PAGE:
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Bills C-38 and C-2: One step forward, two steps back

It is perhaps ironic that Canada’s Senate is scheduled to give third reading to Bills C-38 and C-2 side by side on Jul 19.

Bill C-38 is the same-sex civic marriage bill that made headlines for months as it wound its way through Parliament over the opposition of religious activists, the Harper Conservatives and a big rump of Liberal MPs.

Bill C-2, in contrast, was the first bill introduced by Paul Martin’s government after Harper suggested in the last federal election that Martin was soft on child pornography.

C-2 has been largely ignored by the press until recently and received little opposition in Parliament, even though civil libertarians, arts groups and leading gay organizations vigorously opposed sections of the bill. The Coalition for Lesbian and Gay Rights in Ontario denounced the bill for dangerously over-reaching in its attempt to protect children from sexual exploitation. The result, they said, is that artists and writers could be charged for tackling topics such as coming out, and teenagers could see their right to make their own sexual choices seriously curtailed.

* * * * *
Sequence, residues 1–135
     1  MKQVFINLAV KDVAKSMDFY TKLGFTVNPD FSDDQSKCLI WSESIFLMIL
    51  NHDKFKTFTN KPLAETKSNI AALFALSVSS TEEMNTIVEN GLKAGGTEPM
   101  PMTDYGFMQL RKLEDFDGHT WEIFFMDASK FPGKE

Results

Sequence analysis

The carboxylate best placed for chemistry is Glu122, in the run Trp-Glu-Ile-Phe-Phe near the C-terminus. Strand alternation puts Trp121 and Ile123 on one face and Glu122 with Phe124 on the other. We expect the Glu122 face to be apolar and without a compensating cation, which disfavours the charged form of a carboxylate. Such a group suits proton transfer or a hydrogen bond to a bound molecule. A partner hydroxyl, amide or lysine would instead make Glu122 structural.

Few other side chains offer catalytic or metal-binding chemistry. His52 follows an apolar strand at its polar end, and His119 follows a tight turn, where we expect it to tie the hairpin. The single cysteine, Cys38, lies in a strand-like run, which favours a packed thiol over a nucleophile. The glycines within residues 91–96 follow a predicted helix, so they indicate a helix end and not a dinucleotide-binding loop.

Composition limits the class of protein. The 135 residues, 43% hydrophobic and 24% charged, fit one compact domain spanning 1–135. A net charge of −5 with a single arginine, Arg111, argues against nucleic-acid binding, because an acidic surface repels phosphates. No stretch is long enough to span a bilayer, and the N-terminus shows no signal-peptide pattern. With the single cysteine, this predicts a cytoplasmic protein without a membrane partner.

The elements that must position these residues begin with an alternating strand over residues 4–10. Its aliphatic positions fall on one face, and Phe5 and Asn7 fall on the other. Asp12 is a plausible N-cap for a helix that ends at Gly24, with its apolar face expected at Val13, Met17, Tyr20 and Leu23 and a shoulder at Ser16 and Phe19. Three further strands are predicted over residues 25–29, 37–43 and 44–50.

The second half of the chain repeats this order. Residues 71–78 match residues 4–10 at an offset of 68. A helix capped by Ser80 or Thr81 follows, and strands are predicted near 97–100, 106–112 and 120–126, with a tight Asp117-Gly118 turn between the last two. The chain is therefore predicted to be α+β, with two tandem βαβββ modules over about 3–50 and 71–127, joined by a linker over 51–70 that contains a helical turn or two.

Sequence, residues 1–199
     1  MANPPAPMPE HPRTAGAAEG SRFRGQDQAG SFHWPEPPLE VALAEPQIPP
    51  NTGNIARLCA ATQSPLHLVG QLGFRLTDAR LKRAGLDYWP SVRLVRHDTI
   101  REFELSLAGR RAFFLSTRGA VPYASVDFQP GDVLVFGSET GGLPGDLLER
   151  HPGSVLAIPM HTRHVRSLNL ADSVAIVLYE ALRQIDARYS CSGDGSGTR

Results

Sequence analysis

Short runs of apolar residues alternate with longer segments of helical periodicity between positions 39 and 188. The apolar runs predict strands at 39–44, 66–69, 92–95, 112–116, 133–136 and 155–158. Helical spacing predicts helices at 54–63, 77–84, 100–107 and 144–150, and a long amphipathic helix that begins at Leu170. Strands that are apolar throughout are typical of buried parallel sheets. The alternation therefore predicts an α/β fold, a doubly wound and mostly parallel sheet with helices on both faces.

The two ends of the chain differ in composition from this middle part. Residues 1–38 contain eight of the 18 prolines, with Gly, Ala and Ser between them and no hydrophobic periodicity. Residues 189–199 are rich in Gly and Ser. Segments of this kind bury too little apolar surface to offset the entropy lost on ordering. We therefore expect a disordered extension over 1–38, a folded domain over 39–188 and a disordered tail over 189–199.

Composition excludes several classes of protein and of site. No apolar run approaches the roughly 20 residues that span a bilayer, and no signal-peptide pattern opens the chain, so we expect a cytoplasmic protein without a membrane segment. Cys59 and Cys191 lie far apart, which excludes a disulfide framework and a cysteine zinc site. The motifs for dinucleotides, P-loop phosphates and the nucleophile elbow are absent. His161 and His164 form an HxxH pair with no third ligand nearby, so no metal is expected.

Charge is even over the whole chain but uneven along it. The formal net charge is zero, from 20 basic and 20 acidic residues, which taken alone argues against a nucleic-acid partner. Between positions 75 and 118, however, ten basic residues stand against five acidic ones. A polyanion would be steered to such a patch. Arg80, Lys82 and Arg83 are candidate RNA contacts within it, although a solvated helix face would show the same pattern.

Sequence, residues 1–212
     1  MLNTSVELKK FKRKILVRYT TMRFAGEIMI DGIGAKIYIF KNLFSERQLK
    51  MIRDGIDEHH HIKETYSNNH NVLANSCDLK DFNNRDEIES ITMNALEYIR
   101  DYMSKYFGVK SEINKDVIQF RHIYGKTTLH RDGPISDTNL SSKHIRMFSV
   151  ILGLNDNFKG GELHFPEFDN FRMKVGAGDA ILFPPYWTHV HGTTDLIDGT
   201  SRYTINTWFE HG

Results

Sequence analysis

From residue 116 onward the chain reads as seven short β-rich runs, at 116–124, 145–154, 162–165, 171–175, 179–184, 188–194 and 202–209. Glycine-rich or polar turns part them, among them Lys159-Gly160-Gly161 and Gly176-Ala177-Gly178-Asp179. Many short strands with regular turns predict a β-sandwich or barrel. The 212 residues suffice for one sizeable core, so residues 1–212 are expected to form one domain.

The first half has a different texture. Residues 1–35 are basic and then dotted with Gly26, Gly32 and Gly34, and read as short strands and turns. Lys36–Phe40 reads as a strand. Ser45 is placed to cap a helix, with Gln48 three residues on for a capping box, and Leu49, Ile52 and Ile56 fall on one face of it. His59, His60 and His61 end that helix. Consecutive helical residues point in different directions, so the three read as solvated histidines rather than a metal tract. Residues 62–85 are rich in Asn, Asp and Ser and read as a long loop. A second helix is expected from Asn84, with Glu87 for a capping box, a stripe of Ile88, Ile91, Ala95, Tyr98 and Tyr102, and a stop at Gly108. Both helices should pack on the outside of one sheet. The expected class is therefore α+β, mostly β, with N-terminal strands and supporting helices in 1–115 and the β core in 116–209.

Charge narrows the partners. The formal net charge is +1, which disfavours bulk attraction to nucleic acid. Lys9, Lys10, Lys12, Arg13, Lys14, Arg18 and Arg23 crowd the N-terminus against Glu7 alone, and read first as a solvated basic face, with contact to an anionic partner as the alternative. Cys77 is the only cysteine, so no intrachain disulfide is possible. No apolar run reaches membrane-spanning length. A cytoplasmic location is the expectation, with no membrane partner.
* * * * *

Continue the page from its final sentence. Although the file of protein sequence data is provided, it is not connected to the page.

The Globe and Mail recently suggested the Senate send Bill C-2 back to Parliament for reworking.

The bill’s opponents may have convinced Liberal Senator Serge Joyal. On his insistence, the Senate has taken the rare step of attaching “observations” expressing concern that the bill tramples artistic freedom and constitutional rights.

But C-2, along with C-38, is expected to get final Senate approval as Xtra West goes to press, and royal assent immediately thereafter.

That would make same-sex marriage legal throughout all of Canada. But teens will have fewer sexual rights than they did last week, and Canada’s artists, particularly gay and lesbian artists, will be vulnerable to charges for sharing stories of teenage sexual awakenings.